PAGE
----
Thursday, August 15, 2013

Review: Visiting Tom by Michael Perry

There are many people in our lives whom we can learn from if we just sit down and listen to them. Listen to them not as they offer us advice and insight into being a better person but just listen to them as they tell their stories. Michael Perry's Visiting Tom is a lovely ode to his eighty two year old neighbor, Tom, and to their visits, their shared chats, and their deep and reliable friendship.

Weaving together notes from a photography session at Tom's farm highlighting the old and special features of the farm and its implements with years of visits to have Tom do some work for him or just to check in and be neighborly as well as Perry's own evolving life as a hybrid of author/farmer in rural Wisconsin, this memoir is beautiful, conversational, and eminently entertaining.

Tom is a bit of an eccentric character with decided opinions and a unique view on the world. He's lived in his house for his entire life, watching it change from a large remote farm to a piece of property with a highway slashed through it right outside the kitchen window. He and wife Arlene have been married for almost 60 years and they've raised two daughters. Tom is handy and creative both, fixing tools the county over for others, designing and implementing his own working machines, and enjoying tinkering with anything mechanical. And of course, he is carrying on a longtime love affair with vintage weaponry, gleefully firing his reproduction cannons over his driveway toward a target perched on a hill. He shares his memories of times past and the priceless stories of people and place that live on only in the minds of the old-timers.

As Perry relates Tom's stories, memories, and goofy jokes, he also opens up his own home life to his readers, discussing the joys of parenting daughters and the comfort of his own marriage. He details his own mostly gentlemanly go rounds with government and the highway commissioner about the undesirable "improvement" to the road leading to his turn. And he relates his longing for hearth and home while he is on the road traveling with the job that pays the bills (writing and promoting books like this). He shares the sentimental joys of everyday life with his girls and his own stories of growing up. And like his previous non-fiction works, Perry has written another familiar feeling, homely, reverent book. He absorbs Tom's wisdom, gleaned from his actions as much as his words, and presents this kind neighbor not as his mentor but with the unpretentious dignity befitting such. This is a meditative tale, sweet and nostalgic. It is a book to be wallowed in and, as my dad says, read slowly and with great expression. Perry might get to visit Tom regularly but with this book, we are also invited into the farmhouse kitchen to take our place at the table and listen too.  Sometimes there's no greater joy than just that.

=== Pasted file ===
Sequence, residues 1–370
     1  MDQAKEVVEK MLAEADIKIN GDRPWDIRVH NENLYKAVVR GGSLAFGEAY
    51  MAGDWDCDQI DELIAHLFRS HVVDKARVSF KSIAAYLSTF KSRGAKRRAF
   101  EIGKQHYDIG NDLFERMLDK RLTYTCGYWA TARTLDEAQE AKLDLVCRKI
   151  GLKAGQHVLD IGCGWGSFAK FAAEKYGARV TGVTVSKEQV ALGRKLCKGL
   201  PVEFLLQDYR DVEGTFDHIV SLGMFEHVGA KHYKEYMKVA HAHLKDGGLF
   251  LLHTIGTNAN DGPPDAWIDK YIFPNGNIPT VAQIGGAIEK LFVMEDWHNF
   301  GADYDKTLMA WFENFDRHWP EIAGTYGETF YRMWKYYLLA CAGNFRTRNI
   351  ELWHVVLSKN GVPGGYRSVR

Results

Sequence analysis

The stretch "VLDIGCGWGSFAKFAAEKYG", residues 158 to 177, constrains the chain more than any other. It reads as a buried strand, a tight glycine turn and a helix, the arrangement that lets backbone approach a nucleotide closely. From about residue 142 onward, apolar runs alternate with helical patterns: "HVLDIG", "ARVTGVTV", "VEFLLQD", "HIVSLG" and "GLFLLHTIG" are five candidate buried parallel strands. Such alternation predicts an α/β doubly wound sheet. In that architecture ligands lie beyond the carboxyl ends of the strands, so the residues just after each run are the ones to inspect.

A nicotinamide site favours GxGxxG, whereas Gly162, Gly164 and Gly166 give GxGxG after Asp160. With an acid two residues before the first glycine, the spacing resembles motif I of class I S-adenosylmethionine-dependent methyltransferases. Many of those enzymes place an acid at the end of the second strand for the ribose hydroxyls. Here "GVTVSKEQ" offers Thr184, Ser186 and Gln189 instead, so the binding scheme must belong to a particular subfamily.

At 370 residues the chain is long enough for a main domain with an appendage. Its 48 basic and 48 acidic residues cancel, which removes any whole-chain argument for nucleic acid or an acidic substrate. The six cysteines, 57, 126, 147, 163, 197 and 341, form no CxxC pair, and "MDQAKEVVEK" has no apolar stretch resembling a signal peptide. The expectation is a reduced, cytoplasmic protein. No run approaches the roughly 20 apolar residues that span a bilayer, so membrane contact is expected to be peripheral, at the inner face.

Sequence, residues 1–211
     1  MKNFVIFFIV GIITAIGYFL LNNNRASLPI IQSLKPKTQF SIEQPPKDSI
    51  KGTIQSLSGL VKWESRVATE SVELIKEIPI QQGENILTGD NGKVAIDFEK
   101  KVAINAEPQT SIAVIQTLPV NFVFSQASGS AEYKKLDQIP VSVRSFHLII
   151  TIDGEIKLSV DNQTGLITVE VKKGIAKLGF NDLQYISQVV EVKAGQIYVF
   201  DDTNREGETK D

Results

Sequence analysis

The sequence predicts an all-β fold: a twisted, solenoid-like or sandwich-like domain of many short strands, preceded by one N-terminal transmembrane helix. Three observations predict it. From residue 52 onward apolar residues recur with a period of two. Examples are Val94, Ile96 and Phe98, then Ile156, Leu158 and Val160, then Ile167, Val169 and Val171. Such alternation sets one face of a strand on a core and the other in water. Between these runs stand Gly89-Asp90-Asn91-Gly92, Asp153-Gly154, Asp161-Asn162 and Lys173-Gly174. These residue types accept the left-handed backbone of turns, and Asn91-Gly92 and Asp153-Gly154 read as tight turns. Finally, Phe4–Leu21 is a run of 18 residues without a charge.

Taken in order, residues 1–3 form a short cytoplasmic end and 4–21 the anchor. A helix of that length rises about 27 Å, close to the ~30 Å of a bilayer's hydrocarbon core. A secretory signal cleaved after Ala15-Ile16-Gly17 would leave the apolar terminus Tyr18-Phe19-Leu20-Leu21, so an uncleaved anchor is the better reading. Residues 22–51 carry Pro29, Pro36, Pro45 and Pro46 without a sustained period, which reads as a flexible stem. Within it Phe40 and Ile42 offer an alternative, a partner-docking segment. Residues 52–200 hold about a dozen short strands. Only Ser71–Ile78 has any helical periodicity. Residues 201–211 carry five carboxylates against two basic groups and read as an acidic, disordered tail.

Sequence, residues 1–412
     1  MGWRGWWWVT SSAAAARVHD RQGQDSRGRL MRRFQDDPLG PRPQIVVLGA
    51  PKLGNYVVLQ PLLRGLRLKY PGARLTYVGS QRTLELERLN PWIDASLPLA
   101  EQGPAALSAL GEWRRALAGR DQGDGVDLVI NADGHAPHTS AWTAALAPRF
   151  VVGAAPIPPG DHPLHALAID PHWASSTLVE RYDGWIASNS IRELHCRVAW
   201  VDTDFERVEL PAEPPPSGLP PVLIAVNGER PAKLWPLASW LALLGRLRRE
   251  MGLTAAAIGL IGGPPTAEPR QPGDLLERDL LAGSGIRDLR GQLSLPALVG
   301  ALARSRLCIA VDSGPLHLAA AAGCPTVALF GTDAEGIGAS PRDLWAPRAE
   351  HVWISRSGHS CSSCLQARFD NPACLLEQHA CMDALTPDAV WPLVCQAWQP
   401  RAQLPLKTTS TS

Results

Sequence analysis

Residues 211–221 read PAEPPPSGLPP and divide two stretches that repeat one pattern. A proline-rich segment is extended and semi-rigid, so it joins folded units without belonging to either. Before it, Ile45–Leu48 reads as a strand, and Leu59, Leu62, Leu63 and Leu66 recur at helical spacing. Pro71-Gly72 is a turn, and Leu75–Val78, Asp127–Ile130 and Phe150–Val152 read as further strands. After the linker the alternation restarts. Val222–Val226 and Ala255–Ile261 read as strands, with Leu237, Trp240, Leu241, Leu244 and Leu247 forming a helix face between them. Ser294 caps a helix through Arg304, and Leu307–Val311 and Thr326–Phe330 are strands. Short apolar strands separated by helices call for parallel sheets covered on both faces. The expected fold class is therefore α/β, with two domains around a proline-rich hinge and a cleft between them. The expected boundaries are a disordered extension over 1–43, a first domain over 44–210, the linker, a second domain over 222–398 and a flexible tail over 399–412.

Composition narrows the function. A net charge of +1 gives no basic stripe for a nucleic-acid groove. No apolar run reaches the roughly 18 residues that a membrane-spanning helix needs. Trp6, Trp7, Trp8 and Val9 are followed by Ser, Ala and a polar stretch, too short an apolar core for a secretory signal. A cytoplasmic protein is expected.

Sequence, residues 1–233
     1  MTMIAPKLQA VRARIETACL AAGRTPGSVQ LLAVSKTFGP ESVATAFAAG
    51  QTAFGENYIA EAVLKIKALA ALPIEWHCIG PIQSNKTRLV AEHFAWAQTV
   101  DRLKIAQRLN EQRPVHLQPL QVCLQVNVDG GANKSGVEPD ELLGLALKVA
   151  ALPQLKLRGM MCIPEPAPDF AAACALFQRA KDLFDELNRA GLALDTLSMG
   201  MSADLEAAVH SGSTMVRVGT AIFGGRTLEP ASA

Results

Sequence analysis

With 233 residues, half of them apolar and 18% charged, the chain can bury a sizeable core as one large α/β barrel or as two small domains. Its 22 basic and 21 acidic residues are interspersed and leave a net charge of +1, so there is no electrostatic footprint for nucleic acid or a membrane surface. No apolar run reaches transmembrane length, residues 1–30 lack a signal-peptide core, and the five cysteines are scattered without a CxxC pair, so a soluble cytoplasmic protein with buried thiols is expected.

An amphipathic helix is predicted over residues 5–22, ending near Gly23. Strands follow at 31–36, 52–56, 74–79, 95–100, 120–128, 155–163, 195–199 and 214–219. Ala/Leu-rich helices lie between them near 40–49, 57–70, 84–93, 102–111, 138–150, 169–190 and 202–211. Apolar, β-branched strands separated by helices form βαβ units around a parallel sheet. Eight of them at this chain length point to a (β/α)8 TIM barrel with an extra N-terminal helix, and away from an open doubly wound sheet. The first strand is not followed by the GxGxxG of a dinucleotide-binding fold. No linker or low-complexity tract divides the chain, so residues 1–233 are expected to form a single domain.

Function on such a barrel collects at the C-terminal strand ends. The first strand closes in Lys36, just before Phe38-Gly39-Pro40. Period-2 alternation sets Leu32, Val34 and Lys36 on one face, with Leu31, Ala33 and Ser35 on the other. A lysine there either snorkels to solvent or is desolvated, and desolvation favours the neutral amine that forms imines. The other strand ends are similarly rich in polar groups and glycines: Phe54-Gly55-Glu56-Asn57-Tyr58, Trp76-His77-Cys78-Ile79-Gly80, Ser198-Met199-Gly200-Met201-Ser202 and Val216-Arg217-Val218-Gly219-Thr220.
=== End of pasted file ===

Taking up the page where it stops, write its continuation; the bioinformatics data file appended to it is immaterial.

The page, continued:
For more information about Michael Perry and the book, check out his website, Facebook page, or follow him on Twitter. Follow the rest of the blog tour or look at the amazon reviews for others' thoughts and opinions on the book.

And listen to Perry narrate the book trailer here:

Thanks to Trish from TLC Book Tours and the publisher for sending me a copy of this book to review.

1 comment:

  1. I truly love that time after a big family dinner when everyone sits back, relaxes, and starts telling stories. It is a time not to be missed, especially because it is so rare. This book reminds me of that time, and I simply cannot wait to read it.

    Thanks for being on the tour.


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